You are right: It's bad design. I just have the problem: How to access data structures of the class Client inside a method of the specific message (for example MessageJoin->messageReceive adds an item to the UI-model of the Client) without setting these methods to public (Wrong-access/miss-using from above)? –  swaechter Jul 9 '13 at 12:55
1  
@JoachimPileborg this way you make message handling nailed to a type of the message when it should be natuarally defined by the client receiving messages. –  Konstantin Oznobihin Jul 9 '13 at 13:40

The visitor pattern could be a good fit i.e.

class Message
{
public:
    QString virtual getRawMessage() { return dataRawMessage; }

    virtual void accept(Client& visitor) = 0;

protected:
    QString dataRawMessage;
};

// Join class - cointains the name of the joined user and the channel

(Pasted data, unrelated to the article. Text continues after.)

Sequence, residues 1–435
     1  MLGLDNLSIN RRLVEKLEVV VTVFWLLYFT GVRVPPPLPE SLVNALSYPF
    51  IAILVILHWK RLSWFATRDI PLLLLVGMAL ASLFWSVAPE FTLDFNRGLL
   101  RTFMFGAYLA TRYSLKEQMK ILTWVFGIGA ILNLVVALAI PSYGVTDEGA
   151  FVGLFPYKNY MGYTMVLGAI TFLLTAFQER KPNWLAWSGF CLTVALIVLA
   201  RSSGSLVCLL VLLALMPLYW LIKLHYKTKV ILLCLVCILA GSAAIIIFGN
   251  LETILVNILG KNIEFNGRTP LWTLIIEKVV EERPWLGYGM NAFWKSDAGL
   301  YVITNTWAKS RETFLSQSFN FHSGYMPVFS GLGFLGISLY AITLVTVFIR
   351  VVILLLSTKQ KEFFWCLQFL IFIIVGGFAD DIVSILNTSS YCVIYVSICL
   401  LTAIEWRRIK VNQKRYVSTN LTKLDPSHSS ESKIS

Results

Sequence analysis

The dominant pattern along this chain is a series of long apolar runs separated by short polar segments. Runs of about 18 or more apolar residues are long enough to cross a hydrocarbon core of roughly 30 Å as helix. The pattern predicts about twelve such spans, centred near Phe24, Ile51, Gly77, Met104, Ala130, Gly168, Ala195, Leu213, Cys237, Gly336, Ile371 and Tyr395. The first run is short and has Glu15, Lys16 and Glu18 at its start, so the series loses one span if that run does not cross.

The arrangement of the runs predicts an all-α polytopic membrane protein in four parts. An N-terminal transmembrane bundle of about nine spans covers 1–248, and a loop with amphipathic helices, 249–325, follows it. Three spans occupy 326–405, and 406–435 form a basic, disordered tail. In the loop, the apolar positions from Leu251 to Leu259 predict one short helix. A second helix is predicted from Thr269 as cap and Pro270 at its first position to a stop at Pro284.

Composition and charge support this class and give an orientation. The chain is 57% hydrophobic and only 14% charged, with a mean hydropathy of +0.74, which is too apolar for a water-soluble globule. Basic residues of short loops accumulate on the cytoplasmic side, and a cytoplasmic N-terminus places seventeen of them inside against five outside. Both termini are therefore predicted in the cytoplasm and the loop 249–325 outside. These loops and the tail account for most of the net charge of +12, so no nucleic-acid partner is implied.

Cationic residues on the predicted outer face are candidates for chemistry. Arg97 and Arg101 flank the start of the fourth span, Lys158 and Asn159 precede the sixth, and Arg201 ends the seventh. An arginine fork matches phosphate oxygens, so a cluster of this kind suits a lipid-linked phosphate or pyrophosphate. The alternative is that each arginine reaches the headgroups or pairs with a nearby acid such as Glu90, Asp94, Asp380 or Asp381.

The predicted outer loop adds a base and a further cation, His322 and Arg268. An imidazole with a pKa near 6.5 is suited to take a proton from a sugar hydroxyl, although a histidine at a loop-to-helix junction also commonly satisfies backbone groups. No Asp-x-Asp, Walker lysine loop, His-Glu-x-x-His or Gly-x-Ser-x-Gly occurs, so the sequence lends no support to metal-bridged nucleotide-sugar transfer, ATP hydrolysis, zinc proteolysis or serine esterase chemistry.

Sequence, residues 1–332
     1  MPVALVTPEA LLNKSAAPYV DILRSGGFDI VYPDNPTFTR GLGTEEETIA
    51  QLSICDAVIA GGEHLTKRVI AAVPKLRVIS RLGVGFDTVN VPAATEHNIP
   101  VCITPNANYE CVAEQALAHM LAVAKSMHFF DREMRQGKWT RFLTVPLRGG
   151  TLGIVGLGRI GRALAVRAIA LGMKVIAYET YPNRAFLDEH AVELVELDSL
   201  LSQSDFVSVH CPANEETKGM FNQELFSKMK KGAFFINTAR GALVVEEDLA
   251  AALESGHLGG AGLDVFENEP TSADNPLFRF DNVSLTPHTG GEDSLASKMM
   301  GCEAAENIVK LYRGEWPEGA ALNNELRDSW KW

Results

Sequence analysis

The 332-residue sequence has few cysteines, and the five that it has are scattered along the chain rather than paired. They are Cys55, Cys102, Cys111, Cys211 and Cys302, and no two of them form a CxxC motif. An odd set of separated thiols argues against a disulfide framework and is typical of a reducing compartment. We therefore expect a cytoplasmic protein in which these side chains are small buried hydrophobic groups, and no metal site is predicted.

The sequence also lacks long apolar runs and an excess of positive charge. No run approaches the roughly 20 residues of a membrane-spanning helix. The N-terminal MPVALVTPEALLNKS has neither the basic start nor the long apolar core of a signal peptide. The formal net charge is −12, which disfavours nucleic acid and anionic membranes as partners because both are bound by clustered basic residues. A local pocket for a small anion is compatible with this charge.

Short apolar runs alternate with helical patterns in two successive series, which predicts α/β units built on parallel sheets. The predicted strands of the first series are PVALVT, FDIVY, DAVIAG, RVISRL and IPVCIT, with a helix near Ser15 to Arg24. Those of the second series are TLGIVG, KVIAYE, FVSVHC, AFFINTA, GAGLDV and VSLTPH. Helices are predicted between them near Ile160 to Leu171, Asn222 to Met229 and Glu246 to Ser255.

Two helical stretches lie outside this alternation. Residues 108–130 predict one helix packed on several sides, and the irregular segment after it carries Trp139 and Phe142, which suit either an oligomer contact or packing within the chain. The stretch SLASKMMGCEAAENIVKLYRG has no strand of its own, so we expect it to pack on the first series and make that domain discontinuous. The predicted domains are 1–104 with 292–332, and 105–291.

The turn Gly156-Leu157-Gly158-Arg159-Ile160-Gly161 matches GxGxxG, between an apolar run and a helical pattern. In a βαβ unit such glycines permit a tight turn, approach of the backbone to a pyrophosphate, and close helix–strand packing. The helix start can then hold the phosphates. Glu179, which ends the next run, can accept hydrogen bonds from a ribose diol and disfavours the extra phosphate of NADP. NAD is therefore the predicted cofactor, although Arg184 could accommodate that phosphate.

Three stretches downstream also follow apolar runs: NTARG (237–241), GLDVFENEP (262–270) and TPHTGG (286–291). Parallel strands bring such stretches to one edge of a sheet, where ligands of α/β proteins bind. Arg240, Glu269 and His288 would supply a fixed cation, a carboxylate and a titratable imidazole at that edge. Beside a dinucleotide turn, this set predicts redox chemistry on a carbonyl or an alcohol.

class MessageJoin : public Message
{
public:
    MessageJoin(const QString &rawmessage, const QString &channel, const QString &user)
    {
        dataRawMessage = rawmessage;
        dataChannel = channel;
        dataUser = user;
    }

    QString getChannel() { return dataChannel; }
    QString getUser(){ return dataUser; }

    void accept(Client& visitor) override
    {
          visitor.visit(*this);
    }

private:
    QString dataChannel;
    QString dataUser;
};

// Notice class - contains a notification message
class MessageNotice : public Message
{
public:
    MessageNotice(const QString &rawmessage, const QString &text)
    {
        dataRawMessage = rawmessage;
        dataText = text;
    }

    QString getText() { return dataText;}

    void accept(Client& visitor) override
    {
          visitor.visit(*this);
    }

private:
    QString dataText;
};

void Client::visit(MessageJoin& msg)
{